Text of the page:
• Services you want to offer, but your budget won’t stretch to equipment purchases or hiring additional staff.
  • Tasks you may not be proficient at in-house,  graphic design for example.

Some shops outsource a decorating service until they can bring the equipment and production in-house. Others outsource processes they never plan to offer. Outsourcing gives you breathing room. Finding great partners to whom you can outsource will also help you feel more comfortable farming out certain services for the long term. 

When outsourcing a decorating method, such as embroidery or screen printing, the shop you choose should live up to your high standards.  If they’re local, visit the shop and examine samples. Give them a test order so you can see how the process works, how long it takes and if you like working with the shop. Choose a person in your shop to manage outsourced orders, including doing quality control checks. 

Finally, choose the right-sized partner. If the shop is too small, they might not have the systems and processes to handle your orders efficiently and on time. 

“If the shop’s too big, you could just be another job, and your order won’t get the attention it needs. A medium-sized shop has the systems to give you a great customer experience and also be small enough, so your order gets done accurately and on time. When outsourcing, you can grow and scale without worrying about hiring or the high capital investment of equipment or labor.”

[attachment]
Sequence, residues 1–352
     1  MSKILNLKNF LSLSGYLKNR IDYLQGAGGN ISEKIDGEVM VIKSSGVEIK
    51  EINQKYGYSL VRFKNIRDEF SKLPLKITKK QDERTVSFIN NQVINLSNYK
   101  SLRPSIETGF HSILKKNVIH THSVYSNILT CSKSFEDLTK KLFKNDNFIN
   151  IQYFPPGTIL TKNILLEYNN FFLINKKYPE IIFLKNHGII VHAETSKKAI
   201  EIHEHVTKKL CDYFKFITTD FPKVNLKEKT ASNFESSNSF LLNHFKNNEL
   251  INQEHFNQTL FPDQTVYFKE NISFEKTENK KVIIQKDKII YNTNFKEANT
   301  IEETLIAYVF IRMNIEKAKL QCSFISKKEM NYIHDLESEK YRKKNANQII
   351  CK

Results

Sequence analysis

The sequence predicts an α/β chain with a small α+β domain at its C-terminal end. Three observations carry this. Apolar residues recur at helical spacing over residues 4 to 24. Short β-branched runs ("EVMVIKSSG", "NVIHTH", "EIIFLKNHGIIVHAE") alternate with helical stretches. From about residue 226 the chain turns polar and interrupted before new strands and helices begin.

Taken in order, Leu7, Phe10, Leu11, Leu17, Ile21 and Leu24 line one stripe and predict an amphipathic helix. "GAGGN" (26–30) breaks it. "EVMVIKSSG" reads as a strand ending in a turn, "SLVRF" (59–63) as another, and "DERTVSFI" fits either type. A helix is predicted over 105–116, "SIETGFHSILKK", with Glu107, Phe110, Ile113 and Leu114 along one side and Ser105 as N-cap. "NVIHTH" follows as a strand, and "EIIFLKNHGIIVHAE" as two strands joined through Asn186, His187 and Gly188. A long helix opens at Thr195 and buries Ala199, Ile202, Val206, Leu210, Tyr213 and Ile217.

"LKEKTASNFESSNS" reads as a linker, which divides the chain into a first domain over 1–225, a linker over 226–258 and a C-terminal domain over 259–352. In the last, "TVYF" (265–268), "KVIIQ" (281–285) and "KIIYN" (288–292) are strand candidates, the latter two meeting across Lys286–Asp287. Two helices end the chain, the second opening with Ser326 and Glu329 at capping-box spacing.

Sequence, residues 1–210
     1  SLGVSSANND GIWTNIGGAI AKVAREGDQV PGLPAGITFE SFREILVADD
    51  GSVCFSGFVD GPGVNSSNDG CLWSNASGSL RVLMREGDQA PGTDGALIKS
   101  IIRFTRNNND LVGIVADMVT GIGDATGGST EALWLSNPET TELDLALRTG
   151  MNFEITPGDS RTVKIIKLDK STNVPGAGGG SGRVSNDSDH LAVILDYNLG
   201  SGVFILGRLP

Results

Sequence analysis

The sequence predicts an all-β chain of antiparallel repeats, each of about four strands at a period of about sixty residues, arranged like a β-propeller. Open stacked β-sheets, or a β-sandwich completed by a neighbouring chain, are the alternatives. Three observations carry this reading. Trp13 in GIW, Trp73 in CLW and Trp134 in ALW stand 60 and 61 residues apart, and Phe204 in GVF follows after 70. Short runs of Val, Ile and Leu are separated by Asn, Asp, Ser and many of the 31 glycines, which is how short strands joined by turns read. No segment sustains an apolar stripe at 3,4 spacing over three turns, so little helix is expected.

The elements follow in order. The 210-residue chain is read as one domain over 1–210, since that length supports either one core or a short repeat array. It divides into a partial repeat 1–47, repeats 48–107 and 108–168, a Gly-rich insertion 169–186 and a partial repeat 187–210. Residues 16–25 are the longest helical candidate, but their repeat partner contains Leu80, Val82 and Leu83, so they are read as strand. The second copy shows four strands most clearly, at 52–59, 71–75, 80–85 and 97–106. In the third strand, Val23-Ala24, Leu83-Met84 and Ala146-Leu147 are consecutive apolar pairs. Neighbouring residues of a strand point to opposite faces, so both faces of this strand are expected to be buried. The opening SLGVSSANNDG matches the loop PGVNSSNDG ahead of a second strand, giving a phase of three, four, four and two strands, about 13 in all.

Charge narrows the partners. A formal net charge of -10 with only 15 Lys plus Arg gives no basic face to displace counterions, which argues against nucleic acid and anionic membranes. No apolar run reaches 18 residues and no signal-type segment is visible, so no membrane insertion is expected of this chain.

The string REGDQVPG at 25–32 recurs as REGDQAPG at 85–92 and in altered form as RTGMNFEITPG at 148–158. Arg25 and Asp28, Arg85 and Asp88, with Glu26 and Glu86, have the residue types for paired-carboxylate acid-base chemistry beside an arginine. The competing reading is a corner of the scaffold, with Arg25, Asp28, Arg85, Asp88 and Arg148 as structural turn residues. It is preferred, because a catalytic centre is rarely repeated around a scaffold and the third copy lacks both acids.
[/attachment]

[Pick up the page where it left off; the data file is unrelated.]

Tom Rauen, CEO of Envision

4. Start raising your minimum order quantities.

The biggest advantage of raising your minimum order size is improving your profit margin. Think of it this way: When you increase your order sizes, you print more shirts all day. “It takes about the same amount of time to set up and take down a 12-piece screen-printing job as it does for a 72-piece order,” says Shawn LaFave, president and chief branding officer at NGA Promotions.

Consider this: In an eight-hour shift, how many minutes do you actually spend decorating t-shirts? Atkinson conducted shop studies that show many printers only spend 30% to 40% of their time printing. In other words, out of 480 minutes, they’re only printing for 168 minutes, or 2.5 hours out of eight.

“We only make money when we’re decorating, not when we’re ordering shirts, digitizing, preparing art files or burning screens. Ask yourself how much your press is worth an hour: $300? $1,000? More? You’ll make more an hour with bigger orders. If you’re ready to level up, raise your minimums, so you spend more time decorating.”